- This article was corrected on 22 June 2017; please see final paragraph
Armed forces and emergency services charities have been invited to apply for grants from the latest round of Libor fine funding.
The government has been giving selected charities and good causes funds raised from banks that were fined for illegally fixing the inter-bank lending rate, or Libor, in 2012.
In the latest round of funding, which opened to applications today, charities and community interest companies can apply for grants for projects that will support serving or former members of the armed forces or the emergency services and their families.
The Treasury, which is managing the fund, has not announced how much funding is available and the exact amount is not expected to be finalised until all the applications have been assessed.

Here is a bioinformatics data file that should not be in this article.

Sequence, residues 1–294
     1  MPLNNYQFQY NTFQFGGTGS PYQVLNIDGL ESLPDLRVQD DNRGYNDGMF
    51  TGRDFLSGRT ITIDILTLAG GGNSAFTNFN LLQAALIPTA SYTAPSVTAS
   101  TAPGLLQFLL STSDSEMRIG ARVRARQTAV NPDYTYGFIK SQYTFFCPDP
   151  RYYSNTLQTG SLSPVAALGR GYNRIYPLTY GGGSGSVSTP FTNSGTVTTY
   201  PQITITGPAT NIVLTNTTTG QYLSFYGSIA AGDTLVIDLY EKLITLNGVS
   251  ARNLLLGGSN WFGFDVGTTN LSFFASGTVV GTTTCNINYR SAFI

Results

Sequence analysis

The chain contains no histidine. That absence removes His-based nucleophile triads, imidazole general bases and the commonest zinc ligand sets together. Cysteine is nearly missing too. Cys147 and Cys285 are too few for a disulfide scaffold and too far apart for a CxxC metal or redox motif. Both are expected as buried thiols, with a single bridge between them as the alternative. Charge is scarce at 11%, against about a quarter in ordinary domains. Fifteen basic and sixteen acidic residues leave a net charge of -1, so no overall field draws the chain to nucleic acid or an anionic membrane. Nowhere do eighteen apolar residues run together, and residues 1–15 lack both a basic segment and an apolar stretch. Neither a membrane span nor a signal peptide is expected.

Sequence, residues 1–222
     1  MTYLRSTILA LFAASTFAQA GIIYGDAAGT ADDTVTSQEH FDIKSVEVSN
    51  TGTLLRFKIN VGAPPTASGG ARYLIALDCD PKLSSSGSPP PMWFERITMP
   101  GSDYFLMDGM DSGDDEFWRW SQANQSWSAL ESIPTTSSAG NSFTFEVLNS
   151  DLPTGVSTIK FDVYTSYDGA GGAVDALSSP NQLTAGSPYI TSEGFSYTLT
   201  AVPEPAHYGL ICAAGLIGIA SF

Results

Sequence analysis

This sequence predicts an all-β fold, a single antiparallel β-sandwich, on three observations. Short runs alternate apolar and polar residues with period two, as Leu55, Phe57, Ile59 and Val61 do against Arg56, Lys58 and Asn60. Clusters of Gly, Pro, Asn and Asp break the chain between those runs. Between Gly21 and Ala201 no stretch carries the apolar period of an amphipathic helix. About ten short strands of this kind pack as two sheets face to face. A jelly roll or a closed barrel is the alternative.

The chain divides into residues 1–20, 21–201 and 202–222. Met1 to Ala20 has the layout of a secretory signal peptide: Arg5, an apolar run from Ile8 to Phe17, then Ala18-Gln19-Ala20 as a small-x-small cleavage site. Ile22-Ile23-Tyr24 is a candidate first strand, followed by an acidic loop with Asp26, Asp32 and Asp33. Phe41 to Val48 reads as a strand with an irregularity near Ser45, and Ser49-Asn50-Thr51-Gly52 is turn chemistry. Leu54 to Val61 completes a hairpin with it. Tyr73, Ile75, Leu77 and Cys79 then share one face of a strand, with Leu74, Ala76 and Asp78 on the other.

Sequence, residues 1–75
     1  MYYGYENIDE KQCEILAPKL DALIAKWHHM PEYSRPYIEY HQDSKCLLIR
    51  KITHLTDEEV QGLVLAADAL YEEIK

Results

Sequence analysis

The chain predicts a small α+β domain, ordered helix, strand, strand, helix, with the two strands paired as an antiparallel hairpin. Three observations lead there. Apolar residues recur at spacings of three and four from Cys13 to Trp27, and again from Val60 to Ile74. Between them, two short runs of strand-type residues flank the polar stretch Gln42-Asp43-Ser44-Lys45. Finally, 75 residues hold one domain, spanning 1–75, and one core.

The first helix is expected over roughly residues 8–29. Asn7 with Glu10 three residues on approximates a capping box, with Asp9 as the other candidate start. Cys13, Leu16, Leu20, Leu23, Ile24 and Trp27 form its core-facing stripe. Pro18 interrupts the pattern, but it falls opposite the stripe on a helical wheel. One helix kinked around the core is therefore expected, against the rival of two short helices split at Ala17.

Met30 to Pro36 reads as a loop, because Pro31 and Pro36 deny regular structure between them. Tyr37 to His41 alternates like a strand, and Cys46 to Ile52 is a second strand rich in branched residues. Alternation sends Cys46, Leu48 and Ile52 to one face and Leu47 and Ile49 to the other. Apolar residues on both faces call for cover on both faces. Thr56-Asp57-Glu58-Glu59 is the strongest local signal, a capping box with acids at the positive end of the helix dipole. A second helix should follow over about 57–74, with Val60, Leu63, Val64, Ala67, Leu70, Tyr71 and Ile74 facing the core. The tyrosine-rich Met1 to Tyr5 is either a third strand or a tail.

The government has given out more than £700m in Libor fine funding since 2012.
There is no upper funding limit for applications and guidance put out by the Treasury says some projects might be funded in part if full funding is not possible.
Organisations can bid alone or in partnership, with one partner deemed to be the lead organisation.
The Treasury said its assessment criteria included the difference each project would make to the armed forces and emergency services communities, the value for money it offered and how sustainable it was.
Applicants that ask for funding for a capital project would have to have match-funding of at least 50 per cent, the Treasury said.
The department said some projects would not be funded in this round, including those that focused on the delivery of emergency services, those focused primarily on heritage and conservation activities or those where the primary beneficiaries were members of the public.
The closing date for applications, which must be submitted online, is noon on 25 August. Final decisions will be made in November.
For more information and to apply, click here.
- The story originally said projects would be funded either in full or not at all.